Prof Brady’s research has precisely described how these 3 lines have been implemented in NZ.

    The Epoch Times documentary “Nine Commentaries on the Communist Party” is helpful to know the nature of the CCP.

    Liked by 1 person

  6. New Zealand needs to be careful its ‘she will be all right’ attitude and general naivety means it doesn’t sleepwalk into a hornet’s nest of problems. I think in NZ we have a particular problem with cognitive dissonance. We need more debate of the sort you are trying to engage in Michael -keep it up : )
    View at

    Liked by 1 person

  7. Actually, I didn’t take it personally, and I think Finlayson probably intended his personal slurs for the FT people, the Newsroom people, Professor Brady etc, and not to someone who might just have voted for him.

    (his ringing denunciation of the Island Bay cycleway in his opening address had had me thinking quite positive thoughts about him…..until question time)


  8. Well done documenting the response to your question at last nights gathering.
    I would hope our intelligence agencies are following the respective commentries.

    Liked by 1 person

  9. Not sure if I am right but under FPP someone who held a position such as Finlayson would have been held to account by the electorate.
    Cabinet Ministers that find themselves in powerful positions through MMP and list rating , escape the heat of the people.
    Maybe Cabinet positions should only be held by electorate MP’s?

    Liked by 1 person

  10. I am dismayed at the shallowness of this whole event – it is demonstrated once again an oversees organisation does the heavy lifting for us – we don’t have the mechanisms in place to uncover this sort of stuff – just as happened with the Panama Papers – which was nicely papered over by John Sherwin who was an insider with serious conflicts – but the masses bought it and the elites got away with it

    Here in NZ one person is singled out by the FT and the also-rans begin foaming at the mouth

    Meanwhile over in Australia this was going on loud-and-clear while here in NZ it was ignored presumably on the basis that it couldn’t possibly be happening here – ever – never

    Check out the quality and depth of the coverage and compare to NZ

    ABC News 6 June 2017

    Monday 5 June 2017
    Four Corners program tracks the millions in opaque Chinese-linked donations to show how it buys access and influence in Australian politics
    Power and Influence: The hard edge of China’s soft power.” They want to influence Australia. They want a stronger presence in Australia.” It’s a tale of secrets, power and intimidation.” ASIO are really quite alive and alert to these issues… of Australian national security.”

    Watch the 45 minute program


      • Interesting to note she is based in New Zealand.

        It doesn’t mean it’s not a concern – the concern here shouldn’t be foreign links per se, but her alleged links to the Crafar Farms buyers and thus the conflict of interest created for National if her donations were to have any influence over the Crafar Farms decision by the Overseas Investment Office (though it would be an awfully long bow to draw from what appears to be a commercially-motivated donation, to interference by foreign powers in government policy).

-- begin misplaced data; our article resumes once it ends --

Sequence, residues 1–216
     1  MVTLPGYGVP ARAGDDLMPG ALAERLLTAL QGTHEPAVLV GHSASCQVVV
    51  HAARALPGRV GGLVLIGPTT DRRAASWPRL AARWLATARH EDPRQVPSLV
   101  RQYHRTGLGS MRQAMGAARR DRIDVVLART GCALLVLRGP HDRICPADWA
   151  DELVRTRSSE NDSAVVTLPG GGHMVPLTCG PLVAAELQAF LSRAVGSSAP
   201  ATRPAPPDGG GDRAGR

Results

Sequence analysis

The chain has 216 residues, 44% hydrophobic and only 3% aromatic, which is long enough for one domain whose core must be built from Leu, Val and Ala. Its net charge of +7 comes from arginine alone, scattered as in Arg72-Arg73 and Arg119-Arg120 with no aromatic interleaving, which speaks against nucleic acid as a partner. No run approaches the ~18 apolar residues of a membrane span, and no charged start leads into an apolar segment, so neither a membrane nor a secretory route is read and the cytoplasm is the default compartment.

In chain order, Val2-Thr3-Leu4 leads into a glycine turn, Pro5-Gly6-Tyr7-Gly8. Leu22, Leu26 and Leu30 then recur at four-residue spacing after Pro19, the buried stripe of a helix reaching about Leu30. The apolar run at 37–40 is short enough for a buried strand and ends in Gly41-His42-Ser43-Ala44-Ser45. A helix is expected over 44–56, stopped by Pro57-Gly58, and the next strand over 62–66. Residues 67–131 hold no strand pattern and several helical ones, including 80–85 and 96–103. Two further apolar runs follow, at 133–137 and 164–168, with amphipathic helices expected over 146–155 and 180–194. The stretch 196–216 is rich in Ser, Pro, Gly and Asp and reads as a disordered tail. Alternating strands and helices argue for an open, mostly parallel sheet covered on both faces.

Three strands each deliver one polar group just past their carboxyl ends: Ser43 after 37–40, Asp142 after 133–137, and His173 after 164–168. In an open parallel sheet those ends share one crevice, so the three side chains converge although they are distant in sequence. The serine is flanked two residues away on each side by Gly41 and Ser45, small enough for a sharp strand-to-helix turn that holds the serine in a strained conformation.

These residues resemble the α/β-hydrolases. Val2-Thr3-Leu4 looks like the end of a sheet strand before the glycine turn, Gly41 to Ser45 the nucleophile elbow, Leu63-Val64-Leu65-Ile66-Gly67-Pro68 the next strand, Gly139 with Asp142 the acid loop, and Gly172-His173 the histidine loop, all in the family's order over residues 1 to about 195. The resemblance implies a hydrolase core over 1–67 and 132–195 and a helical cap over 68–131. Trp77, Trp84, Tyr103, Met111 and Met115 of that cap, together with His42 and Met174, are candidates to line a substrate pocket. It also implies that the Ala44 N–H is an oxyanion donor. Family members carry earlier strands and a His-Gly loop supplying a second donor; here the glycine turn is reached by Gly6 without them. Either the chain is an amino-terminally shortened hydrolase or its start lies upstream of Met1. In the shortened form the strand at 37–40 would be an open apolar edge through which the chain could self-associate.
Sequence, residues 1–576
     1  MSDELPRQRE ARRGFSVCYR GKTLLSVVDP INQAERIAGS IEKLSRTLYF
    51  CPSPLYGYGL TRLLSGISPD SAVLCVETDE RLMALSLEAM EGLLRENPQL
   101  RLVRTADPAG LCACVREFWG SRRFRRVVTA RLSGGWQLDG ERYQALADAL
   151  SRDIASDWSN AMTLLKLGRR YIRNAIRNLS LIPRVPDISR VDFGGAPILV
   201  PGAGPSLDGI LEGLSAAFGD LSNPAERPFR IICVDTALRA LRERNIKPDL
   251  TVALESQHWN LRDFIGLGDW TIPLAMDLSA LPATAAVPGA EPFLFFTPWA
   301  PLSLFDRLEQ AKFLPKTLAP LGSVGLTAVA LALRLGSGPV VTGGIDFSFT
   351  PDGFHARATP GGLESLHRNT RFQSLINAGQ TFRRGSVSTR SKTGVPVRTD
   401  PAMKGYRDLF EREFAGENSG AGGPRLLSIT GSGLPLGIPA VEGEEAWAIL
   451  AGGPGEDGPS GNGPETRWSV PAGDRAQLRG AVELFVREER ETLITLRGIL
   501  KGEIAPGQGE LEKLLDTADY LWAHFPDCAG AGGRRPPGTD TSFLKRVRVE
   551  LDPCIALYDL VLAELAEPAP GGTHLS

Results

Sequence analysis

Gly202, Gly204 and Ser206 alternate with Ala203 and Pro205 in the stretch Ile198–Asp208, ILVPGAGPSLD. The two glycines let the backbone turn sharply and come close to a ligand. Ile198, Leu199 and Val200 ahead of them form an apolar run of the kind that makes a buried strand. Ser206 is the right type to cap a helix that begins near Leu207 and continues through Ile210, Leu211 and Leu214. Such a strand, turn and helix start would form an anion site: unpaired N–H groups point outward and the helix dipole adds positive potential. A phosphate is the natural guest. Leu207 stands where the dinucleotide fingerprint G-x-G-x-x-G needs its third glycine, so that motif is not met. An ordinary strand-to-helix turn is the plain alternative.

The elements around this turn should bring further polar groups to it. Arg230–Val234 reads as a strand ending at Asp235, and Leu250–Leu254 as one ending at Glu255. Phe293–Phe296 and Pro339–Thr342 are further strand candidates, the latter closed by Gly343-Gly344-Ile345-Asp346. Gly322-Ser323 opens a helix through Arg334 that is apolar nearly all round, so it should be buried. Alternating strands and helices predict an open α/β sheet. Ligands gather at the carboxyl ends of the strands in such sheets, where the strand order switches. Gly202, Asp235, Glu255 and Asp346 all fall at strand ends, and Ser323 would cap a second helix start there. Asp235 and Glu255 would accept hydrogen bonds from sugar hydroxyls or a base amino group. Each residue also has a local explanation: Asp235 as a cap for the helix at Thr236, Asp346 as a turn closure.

But if you read through the Electoral Commission’s records on political party donations you will find that

        a) There are very few or no donations received that are *considered* to be overseas donations;
        b) NZ political parties are actually not allowed to accept foreign donations over $1500 – they must be returned or forfeited to the Electoral Commission;
        c) Overseas donations *under* $1500 are allowed but their total amount must be reported and it seems if you peruse recent years for National and Labour, they have not received large amounts of foreign donations.

        It seems that direct overseas donations aren’t really the problem. Maybe the only real safeguard here is appropriate attention from media?


      • Re your final paras, I don’t think the Electoral Act provisions are that robust. There is nothing I can see to stop a NZ registered company donating whatever it likes to a political party, even if (say) its NZ operations are modest relative to a parent’s foreign ones and most of the shareholders are themselves non-resident. That looks like the story with Inner Mongolian Hourse – the largest acknowledged donor to the National Party.

        Also, i gather most experts think our disclosure regime is too lax, and relatively easy to get round if you want to.

        There is also the celebrated example of the $150000 “donation” to Phil Goff’s mayoral campaign – discussed in the Brady paper – which apparently didn’t have to be declared because it was a charity auction purchase (or something)?

        It isn’t my field, but it does look as tho there is more we could and should do. And the mostly rather supine media should, as you say, do rather more.